[Top] [All Lists]

[Towertalk] Coax

To: <>
Subject: [Towertalk] Coax
From: (Steve Katz)
Date: Thu, 2 Jan 2003 07:26:20 -0800
> -----Original Message-----
> From: []
> Sent: Tuesday, December 31, 2002 8:12 PM
> To:   Steve Katz
> Subject:      Re: [Towertalk] Coax
> Steve,
> I have always run my coax 90 feet vertically without a clamped loop.  Not 
> exactly sure what that is.  My last run was rg8U was up since 1978, was I 
> just lucky?  
        [Steve Katz]  No, not lucky.  RG8/U and RG213/U (.405" diameter,
fairly lightweight) doesn't really require a strain relief loop, however a
"drip loop" (to prevent water from running down the whole length of cable
internally should it penetrate at the top end) is always a good idea.  My
comments regarding a strain loop specifically applied to heavy cables like
RG17/U, RG18/U, etc.

>  the new 9913 went up in  March of last year.   what do I need 
> to do to 160 foot run, 90 feet of which is vertical but taped to the leg
> of 
> the tower.  Please expand a bit about the clamped loop part.  I didn't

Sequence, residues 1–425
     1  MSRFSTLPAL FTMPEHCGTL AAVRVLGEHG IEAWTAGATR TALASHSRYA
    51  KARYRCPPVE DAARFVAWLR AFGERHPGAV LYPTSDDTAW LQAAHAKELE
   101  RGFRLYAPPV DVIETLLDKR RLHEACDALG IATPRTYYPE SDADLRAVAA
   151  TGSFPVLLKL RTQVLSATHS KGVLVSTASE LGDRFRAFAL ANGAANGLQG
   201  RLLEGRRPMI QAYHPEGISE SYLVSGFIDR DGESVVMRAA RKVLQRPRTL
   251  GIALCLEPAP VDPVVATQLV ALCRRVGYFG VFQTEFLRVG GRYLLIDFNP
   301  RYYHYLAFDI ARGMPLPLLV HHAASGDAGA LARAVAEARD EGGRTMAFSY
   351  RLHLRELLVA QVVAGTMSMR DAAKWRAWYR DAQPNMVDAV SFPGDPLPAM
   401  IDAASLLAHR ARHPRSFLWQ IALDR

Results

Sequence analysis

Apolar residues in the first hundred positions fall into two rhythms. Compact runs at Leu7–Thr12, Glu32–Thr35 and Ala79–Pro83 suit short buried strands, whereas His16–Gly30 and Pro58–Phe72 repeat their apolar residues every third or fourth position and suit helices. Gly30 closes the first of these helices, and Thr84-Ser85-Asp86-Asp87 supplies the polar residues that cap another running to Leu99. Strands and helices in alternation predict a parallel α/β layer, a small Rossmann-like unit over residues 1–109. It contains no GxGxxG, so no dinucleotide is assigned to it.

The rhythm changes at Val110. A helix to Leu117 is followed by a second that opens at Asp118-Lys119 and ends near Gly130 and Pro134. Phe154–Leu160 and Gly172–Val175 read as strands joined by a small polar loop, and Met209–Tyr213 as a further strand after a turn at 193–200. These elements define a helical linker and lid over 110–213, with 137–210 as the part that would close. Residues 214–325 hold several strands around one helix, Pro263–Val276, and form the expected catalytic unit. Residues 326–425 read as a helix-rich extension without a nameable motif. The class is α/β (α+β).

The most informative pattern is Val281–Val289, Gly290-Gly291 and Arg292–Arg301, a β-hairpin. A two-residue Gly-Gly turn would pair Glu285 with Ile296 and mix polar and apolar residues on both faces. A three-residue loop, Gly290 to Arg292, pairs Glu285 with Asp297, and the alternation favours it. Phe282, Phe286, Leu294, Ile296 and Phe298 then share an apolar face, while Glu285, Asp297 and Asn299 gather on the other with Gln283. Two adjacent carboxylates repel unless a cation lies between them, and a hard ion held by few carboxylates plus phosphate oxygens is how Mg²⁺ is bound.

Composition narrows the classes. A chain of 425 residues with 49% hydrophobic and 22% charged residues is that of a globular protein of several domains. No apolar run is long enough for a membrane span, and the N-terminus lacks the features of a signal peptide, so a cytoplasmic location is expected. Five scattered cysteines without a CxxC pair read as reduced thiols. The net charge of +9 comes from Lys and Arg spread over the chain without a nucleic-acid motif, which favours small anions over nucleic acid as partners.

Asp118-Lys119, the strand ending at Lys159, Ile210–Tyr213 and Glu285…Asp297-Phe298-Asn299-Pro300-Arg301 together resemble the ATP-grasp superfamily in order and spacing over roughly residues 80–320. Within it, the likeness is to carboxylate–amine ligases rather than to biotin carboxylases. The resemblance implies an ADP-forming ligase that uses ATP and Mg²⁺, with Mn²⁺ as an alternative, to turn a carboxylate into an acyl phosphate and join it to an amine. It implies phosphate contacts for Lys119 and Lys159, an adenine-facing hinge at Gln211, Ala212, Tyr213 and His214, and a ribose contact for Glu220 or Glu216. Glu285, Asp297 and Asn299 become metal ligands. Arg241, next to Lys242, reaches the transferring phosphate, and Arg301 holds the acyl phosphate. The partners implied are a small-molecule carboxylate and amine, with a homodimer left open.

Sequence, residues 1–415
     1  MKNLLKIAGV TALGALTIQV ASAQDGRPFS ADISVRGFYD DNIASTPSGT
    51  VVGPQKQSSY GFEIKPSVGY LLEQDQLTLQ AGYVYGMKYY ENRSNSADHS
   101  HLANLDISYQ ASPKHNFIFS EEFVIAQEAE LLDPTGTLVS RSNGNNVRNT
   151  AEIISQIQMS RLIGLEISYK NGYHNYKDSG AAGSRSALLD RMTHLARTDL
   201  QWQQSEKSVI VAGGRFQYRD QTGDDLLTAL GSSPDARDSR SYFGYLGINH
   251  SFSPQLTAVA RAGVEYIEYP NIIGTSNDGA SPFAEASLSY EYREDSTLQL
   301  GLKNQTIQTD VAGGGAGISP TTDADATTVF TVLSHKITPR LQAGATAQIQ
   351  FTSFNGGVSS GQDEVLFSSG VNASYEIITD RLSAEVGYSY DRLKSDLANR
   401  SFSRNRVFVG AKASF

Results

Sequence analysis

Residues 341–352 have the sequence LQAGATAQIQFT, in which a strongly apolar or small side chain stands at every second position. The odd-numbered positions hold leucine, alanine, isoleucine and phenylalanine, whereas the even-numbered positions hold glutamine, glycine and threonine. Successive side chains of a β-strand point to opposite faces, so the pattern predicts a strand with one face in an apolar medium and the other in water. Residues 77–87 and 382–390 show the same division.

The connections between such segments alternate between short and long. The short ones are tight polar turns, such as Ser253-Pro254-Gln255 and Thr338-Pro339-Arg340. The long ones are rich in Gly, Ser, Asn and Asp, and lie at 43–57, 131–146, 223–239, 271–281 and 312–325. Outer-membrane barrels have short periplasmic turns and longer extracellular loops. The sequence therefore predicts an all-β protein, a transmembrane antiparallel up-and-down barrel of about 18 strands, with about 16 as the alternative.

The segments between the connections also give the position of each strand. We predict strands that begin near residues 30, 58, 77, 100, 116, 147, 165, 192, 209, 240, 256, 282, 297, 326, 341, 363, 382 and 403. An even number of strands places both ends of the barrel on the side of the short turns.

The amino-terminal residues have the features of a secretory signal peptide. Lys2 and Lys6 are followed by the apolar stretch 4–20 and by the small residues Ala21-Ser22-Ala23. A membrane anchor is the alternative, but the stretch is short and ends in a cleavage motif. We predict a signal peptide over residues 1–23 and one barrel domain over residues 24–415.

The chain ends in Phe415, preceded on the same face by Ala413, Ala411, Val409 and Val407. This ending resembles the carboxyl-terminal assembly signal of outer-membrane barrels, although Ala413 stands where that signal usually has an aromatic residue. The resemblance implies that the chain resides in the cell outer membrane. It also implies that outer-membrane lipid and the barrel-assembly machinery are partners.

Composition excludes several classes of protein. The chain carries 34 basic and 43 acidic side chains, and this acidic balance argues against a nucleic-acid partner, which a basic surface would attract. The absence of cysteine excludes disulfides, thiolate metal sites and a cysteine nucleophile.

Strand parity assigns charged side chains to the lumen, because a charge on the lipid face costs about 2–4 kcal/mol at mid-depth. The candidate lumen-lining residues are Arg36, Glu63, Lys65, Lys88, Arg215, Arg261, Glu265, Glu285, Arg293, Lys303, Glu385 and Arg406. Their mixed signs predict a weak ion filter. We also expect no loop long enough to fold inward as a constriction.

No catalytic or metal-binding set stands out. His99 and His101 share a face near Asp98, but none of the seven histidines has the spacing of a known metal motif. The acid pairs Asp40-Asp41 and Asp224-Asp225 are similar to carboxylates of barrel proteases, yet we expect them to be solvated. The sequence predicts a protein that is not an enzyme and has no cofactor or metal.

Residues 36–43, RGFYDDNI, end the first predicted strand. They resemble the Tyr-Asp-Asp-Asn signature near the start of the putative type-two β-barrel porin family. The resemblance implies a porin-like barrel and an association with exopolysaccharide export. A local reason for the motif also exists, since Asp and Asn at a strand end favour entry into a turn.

> find 
> out how easy it is to puncture the jacket on 9913 until after I had it.
        [Steve Katz]  Don't ever clamp 9913, or any "hollow" or "soft" coax
-- it's a sure recipe for failure.  Such cables are very frail and should be
gently supported without any pinching or clamping action.  I don't even use
electrical tape on this kind of cable, unless it's very gently wrapped
(without pulling on the tape as I'm wrapping) and spread over a large area
of cable.  RG17/U, which is what the thread and the comments were about, has
a solid PE dielectric which is very thick, very strong and very heavy and
can take considerable clamping pressure, more than you can usually apply by
hand, using anything.  The reason for the topside loop when using this cable
for vertical runs is that it is so heavy, the dielectric and center
conductor have a tendency to slide around inside the outer conductor, due to
gravity.  It's not unusual to completely lose a connection using this kind
of cable in a vertical run unless a strain loop is provided at the top end
to prevent the internal slippage.  But RG17/U is almost ten times heavier
than RG8/U.  I've never seen the problem with RG8 types.


> Thanks,
> 73
> Chet  N6ZO, KP4EAJ, VQ9XX, ZD8W, KG4ZO, VP2A

<Prev in Thread] Current Thread [Next in Thread>
  • [Towertalk] Coax, Steve Katz <=